The Arleigh Burke class of destroyers have 56 units in the class already built, building or authorized. The last five units (DDG-108 through DDG-112) have not been authorized. Considering that Flight I units displaced 8,842-tons and Flight IIA units 9,200-tons, little less than the displacement of WWII USN cruisers, this class of destroyer is monumental in not only capabilities but also in impact on the modern USN. (Bulk of history from: Arleigh Burke class Destroyers, Warship Pictorial 24 by Kurt Greiner, 2006 Classic Warship Publishing

Weapons - Sprue B
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The Dragon USS Pinckney DDG-91
This release by Dragon is in their standard series, as opposed to their Premium Edition line. However, the kit has all of those items that have been associated with the upgraded Premium Edition releases of other DML kits. These features include excellent decals and a brass photo-etch fret. There are four plastic sprues but not all parts are used, leaving a great many parts for the storage bin, especially from the weapons sprue.

Sprue A – Forecastle and Superstructure
The forecastle has good detail with raised VLS missile position and all cells. In comparing bollards of the plastic deck with the photo of the forecastle from Arleigh Burke class Destroyers, Warship Pictorial 24, the asymmetrical arrangement of the bollards has been duplicated. The anchor control position is present but the deck collar for the forward anchor hawse is not. Also the deck cutout for the port anchor does not appear as large as it does in photographs. Superstructure portions are well done with a lot of detail for a plastic kit. The Aegis arrays are prominent without being overdone. There are many other fittings on the forward face of the bridge, including doors, vertical ladder, life ring and other fittings. Superstructure sides include the same standard of detail. Dominated by a great number of air louvers, the detail is as good as can be expected on an injected plastic kit. As with the bridge face, there are abundant other details on the superstructure, including doors, vertical ladder and other fittings. 


Arleigh Burke class Destroyers, Warship Pictorial 24

This recently published volume in the Classic Warships Publishing Warship Pictorial line, is an absolute treasure of information and spectacular photographs of the different ships in the Arleigh Burke class. Through comparing the Dragon model of USS Pinckney DDG-91 with the numerous photographs of the USS Pinckney found in this volume, any modeler can see changes that should be made to the kit. (click for a review)

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Plastic yards are included on this sprue, however, most modelers will probably use the alternate brass parts included with the kit. Included are the 20mm CIWS systems and the instructions indicate that these are optional parts. However, as of DDG-89 the class did not appear to carry this system. Other small parts are good. RIB, sliding padeyes, tops for same, other foremast parts, and tracking radar. Solid propeller guards are disappointing. Some parts, such as the aft Aegis array superstructure are not used, as the are appropriate for earlier variants but not the Flight IIA.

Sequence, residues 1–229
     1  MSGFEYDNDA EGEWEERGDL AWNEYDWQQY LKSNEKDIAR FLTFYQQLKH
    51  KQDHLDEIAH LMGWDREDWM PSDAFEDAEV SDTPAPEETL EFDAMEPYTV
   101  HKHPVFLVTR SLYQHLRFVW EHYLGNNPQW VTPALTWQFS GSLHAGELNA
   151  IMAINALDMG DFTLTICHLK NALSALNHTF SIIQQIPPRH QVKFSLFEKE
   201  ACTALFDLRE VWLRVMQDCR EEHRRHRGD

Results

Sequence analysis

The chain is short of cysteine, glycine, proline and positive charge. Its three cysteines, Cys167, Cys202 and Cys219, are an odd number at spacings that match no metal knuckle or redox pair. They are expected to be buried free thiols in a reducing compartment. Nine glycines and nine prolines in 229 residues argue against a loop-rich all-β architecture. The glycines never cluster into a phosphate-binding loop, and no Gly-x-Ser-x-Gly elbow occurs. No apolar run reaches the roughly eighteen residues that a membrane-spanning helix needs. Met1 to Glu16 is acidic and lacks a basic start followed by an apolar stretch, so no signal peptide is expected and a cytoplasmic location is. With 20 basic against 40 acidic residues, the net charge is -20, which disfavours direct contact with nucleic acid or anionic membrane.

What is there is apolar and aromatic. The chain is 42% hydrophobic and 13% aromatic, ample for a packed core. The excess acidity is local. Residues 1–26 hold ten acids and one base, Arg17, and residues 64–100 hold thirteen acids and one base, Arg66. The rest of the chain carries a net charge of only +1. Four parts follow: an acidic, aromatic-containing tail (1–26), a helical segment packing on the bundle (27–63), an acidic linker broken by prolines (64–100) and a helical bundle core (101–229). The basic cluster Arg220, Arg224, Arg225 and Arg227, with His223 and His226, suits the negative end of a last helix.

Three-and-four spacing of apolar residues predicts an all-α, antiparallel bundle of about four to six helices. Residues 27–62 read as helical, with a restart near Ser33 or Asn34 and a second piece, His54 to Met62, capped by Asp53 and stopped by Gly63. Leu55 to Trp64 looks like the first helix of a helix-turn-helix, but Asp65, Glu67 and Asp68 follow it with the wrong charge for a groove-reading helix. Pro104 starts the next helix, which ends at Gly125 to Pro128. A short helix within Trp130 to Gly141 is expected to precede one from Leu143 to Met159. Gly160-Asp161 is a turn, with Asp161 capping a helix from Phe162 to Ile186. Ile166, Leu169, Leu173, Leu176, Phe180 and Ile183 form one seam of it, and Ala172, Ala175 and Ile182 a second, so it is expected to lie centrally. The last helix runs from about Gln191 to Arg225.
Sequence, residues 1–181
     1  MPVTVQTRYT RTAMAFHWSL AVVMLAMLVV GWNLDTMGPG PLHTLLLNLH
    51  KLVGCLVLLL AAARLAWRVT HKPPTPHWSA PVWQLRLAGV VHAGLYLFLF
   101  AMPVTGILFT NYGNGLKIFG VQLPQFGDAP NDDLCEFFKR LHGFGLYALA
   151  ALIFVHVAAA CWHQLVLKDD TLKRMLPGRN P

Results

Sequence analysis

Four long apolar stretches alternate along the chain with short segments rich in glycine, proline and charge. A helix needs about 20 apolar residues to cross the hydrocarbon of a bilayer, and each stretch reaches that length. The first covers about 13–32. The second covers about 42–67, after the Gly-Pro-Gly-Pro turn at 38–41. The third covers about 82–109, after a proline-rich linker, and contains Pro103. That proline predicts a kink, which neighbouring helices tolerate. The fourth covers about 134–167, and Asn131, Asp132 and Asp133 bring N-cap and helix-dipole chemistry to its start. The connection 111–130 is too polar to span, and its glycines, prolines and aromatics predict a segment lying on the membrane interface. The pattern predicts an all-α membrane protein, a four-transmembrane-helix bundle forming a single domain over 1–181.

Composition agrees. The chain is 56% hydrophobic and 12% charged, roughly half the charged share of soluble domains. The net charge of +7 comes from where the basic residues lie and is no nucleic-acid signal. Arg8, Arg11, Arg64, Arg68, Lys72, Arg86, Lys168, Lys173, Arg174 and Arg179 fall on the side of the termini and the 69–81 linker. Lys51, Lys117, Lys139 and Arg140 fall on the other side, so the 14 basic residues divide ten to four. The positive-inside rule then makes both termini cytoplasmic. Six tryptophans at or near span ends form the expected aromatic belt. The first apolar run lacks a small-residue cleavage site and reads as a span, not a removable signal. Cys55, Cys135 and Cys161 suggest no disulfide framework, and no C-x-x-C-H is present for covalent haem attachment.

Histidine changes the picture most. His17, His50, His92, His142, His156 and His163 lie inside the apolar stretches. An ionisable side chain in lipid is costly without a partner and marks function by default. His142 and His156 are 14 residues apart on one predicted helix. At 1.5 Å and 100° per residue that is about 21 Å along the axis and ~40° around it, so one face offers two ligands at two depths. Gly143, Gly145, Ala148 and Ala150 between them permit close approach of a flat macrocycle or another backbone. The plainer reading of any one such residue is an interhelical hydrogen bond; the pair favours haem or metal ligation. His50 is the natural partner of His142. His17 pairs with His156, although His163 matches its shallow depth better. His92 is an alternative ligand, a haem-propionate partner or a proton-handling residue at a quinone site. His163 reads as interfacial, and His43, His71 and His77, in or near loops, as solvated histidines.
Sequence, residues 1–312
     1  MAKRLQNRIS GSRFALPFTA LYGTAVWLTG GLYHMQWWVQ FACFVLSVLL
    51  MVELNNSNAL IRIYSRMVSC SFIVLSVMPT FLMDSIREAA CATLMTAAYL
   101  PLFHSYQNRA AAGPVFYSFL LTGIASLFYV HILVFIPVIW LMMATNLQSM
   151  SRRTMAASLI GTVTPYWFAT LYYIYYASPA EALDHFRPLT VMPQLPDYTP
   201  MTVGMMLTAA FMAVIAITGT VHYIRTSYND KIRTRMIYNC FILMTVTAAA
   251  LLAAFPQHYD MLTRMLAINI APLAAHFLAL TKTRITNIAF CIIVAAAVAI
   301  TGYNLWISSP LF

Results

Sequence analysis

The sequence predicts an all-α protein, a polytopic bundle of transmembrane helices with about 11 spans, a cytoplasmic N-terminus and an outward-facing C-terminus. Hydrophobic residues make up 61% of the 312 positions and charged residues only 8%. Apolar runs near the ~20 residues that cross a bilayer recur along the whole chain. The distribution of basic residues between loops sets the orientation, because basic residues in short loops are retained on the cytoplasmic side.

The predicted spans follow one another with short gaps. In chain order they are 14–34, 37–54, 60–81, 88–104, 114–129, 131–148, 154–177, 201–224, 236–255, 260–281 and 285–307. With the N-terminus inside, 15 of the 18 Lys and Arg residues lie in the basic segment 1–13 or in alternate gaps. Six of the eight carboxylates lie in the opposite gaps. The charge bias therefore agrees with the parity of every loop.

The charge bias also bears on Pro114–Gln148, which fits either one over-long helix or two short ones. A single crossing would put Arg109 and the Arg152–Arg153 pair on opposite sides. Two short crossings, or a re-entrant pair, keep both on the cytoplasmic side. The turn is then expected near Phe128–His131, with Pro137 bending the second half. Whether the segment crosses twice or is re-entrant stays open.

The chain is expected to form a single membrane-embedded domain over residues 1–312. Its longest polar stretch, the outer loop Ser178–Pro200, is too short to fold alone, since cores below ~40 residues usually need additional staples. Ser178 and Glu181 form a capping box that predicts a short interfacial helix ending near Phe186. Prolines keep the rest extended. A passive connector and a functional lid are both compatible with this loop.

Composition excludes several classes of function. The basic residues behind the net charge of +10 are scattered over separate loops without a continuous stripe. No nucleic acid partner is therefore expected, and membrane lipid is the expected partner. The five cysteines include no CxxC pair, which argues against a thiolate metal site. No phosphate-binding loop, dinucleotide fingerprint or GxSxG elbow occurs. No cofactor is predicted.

Sprue B – Weapons
There are 86 parts on B Sprue. However, only a handful of these will be used with the Flight IIA model. Parts used will be the Sea Hawk helicopter, anchors and one radar. The helicopter is excellent, although, the brass rotors should be used instead of the plastic ones on the sprue. The balance of this sprue will provide a huge stash of spare parts for other modern USN projects. Including the Sea King helicopter, harpoon mounts, additional CIWS, various radars and seven different gun turrets. 

Hull - Sprue C
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Sprue C – Hull
This sprue contains the upper and lower hull parts. The hull is divided at the waterline and lower hull parts are provided, so a full hull model can be built. The upper hull does reflect the "V" shape hull form. Designed for improved seakeeping as well as a semi-stealthy arrangement to avoid vertical surfaces, this design is characterized by a wider deck than waterline. The anchor well on the port side does appear deep enough, so it may only take a minor modification to the separate forecastle piece to get the right look. The base of the forward superstructure and forward stack is part of the upper hull piece. Both upper superstructure and stack also display the prominent air louvers. The hull appears to be that of the Flight I kit, since it has fore and aft RIB positions and the hangar is added. It this is the same upper hull as provided in the Arleigh Burke Flight I kit, then it will be slightly too short. Unfortunately, flight deck markings are raised on the deck. Whether, you wish to sand it smooth will be up to you but judicious cutting of the raised portion near other deck fittings should allow smoothing the deck with minimal chance of obliterating deck fittings.